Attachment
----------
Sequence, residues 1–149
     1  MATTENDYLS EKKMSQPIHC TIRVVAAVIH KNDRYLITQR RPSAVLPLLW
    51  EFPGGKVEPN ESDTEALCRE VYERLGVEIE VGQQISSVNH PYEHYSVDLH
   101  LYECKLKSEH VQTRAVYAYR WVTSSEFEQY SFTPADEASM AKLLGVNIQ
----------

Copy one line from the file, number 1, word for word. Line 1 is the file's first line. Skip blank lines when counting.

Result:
Sequence, residues 1–149